They epitomize what is criticized and praised about rap music with their embellished tales of run-ins with police and female conquests delivered via a production style and lyricism that's undeniably raw.
Coming from the Crenshaw District in Los Angeles, Odd Future Wolf Gang Kill Them All is just that. A gang. Consisting of 11 members (Tyler the Creator, Earl Sweatshirt, Domo Genesis, Hodgy Beats, Left Brain, Mike G, Jasper the Dolphin, Taco, Casey Veggies, Jet Age of Tomorrow, and Syd Tha Kid), Odd Future (for short) is a collective of creative teens who have banded together to create chaos. To call them a rap group would be a disservice because not all of the members rap. There are photographers, engineers and producers sprinkled into this Wu-Tang like reincarnation.
Instead of the kicking and screaming heard from most underage musicians, Odd Future beats have a dreary minimalist vibe which allows the listener to clearly hear their testosterone-driven lyrics about sex, rape, Steve Harvey rants, white models, and their hatred for hip-hop blogs Nahright and 2DopeBoyz. Their musical content and delivery is often compared to early Eminem (before the Top 40 Rihanna duets).
The pack is led by the alpha wolf, 19-year-old, Tyler, the Creator. Tyler is the epicenter of the vulgarity and lets the indecency spread to his crew. His already matured voice is often distorted to create a dark monster-esque tonality, which is fitting for most of his content. In “French” off of his debut album Bastard he raps, “ I’m fucking Goldilocks up in the forest/ in the three bear house eating their mothafuckin’ porridge/ I tell her its my house, give her a tour/ in my basement, and keep that bitch locked up in the storage.” The theme seems to be: the more shocking, the better.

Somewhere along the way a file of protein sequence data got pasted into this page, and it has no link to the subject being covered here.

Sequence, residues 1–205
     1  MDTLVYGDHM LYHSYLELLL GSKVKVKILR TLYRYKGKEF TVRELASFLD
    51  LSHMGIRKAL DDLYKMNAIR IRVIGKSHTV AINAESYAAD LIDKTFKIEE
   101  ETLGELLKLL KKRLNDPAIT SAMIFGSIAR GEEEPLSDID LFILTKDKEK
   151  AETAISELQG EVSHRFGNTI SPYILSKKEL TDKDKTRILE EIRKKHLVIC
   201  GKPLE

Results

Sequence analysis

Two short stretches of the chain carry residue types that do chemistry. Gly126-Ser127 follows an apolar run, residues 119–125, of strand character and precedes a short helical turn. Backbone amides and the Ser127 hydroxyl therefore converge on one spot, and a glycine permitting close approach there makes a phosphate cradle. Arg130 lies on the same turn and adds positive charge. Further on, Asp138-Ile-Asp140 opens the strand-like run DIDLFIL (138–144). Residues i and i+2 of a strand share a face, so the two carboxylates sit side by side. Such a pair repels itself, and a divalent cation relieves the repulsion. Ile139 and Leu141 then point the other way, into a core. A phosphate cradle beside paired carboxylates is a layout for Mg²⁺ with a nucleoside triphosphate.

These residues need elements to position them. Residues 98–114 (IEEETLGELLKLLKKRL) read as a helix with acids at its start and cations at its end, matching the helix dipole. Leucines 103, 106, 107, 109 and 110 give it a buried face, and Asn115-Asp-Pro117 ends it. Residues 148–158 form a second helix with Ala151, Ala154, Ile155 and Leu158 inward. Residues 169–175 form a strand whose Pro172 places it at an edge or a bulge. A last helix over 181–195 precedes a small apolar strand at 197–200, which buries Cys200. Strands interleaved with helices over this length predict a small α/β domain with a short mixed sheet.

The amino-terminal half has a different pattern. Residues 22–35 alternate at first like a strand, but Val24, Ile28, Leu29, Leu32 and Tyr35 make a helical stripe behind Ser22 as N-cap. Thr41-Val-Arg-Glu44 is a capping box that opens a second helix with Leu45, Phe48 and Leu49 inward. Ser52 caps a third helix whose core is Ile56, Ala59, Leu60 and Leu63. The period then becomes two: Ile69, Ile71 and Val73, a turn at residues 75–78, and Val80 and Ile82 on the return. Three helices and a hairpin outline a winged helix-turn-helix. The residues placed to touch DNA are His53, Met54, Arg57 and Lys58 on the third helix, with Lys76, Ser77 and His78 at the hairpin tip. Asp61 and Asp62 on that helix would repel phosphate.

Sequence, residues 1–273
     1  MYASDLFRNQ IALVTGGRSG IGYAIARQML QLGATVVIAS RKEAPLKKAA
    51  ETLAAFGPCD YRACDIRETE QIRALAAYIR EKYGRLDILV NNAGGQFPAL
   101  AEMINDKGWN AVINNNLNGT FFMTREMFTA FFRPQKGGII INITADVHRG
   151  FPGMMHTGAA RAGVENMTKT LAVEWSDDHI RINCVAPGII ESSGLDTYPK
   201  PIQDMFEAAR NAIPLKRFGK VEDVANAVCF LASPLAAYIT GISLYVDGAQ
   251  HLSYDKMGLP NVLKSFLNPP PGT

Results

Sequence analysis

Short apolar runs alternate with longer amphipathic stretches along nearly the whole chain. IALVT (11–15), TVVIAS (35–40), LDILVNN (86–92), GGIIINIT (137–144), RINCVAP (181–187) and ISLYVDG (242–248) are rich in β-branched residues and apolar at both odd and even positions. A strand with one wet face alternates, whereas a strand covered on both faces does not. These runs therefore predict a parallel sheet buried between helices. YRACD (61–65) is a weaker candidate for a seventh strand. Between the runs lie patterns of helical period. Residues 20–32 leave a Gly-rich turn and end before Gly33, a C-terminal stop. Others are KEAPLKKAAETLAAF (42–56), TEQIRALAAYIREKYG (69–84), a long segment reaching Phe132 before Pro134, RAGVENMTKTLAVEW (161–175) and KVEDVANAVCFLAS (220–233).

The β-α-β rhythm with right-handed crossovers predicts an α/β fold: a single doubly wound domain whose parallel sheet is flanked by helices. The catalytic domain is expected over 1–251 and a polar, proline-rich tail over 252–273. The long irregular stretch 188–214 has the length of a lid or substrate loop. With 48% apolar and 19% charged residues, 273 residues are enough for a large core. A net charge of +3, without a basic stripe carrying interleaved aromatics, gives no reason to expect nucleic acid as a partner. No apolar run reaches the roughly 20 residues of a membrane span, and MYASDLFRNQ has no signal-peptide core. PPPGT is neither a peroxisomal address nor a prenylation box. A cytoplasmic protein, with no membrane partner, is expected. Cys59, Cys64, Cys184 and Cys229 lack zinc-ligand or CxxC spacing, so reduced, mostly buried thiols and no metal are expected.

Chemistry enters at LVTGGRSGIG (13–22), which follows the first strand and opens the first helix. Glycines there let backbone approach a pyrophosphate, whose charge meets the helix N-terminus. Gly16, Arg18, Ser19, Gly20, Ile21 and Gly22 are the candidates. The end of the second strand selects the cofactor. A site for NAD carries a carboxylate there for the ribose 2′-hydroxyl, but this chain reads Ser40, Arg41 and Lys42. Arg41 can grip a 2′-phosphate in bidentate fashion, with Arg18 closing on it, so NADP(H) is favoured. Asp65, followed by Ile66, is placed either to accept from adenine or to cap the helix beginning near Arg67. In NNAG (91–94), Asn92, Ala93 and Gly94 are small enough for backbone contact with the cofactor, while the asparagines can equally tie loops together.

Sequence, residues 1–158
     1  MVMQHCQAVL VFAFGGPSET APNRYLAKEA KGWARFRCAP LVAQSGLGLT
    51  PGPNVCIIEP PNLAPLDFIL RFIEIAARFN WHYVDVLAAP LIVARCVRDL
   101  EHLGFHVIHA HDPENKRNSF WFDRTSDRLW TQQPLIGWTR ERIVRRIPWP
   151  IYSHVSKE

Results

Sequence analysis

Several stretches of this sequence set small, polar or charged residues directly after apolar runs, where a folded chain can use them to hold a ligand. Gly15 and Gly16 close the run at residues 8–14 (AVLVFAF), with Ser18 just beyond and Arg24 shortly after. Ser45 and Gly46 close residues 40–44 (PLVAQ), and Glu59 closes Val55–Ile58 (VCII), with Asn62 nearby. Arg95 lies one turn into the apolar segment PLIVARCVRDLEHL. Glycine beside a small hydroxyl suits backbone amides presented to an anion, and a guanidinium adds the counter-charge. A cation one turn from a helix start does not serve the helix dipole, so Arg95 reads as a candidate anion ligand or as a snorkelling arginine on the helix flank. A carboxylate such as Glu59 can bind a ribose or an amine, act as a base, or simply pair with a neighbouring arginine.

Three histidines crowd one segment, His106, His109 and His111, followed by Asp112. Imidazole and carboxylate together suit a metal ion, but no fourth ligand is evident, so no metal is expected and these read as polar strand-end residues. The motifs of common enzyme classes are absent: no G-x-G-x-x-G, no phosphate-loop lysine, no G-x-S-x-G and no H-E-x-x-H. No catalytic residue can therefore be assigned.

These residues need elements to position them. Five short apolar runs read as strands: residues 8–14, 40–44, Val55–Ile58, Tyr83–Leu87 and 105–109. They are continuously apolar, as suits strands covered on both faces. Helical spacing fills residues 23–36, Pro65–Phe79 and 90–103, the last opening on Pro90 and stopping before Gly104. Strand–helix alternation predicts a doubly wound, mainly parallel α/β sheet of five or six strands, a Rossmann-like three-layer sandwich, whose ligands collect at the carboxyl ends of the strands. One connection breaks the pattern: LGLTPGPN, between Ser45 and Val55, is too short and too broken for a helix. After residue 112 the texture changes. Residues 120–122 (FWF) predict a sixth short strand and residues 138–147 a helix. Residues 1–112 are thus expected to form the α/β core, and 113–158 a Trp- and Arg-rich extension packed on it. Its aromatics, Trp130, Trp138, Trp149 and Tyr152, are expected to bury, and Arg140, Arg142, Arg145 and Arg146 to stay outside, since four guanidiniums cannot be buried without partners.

The “Best Rapper in the Group” award goes to Earl Sweatshirt, who also holds the “Where is Waldo?” title. Not long after his self-titled debut album was released, Earl disappeared. Rumors place the 16-year-old in jail (according to an L.A. Weekly feature), boarding school, or on vacation. Whatever happened to Earl doesn’t appear to be too grim because he appears on a recent album by fellow Odd Future members MellowHype. It is apparent that the group knows his whereabouts, with a recent New York Times article stating that Tyler talks to him “almost everyday.”
The accompanying videos to these songs are even more disturbing — think Yeah Yeah Yeah’s “Y Control”. In the music video for Earl Sweatshirt's “Earl” (above) the gang files into a house and creates a smoothie concoction filled with cough syrup, marijuana, and drug pills. What seems like a good idea at the time soon crumbles and the group starts to vomit blood and bleed from unlikely places. With images like this its hard to tell how far Odd Future will go. XL Recordings, home of indie darlings Vampire Weekend, M.I.A., and Beck, seem to be knocking at their door with recent trips to New York and London being paid for by them. Their names are also being dropped by popular blogs such as Pitchfork and the Fader.
In the end, their fame rests in their own hands. They currently giveaway their albums for free on their tumblr page and often denounce any form of celebrity on Twitter. To these LA kids, making music is not a job, it's anarchy.
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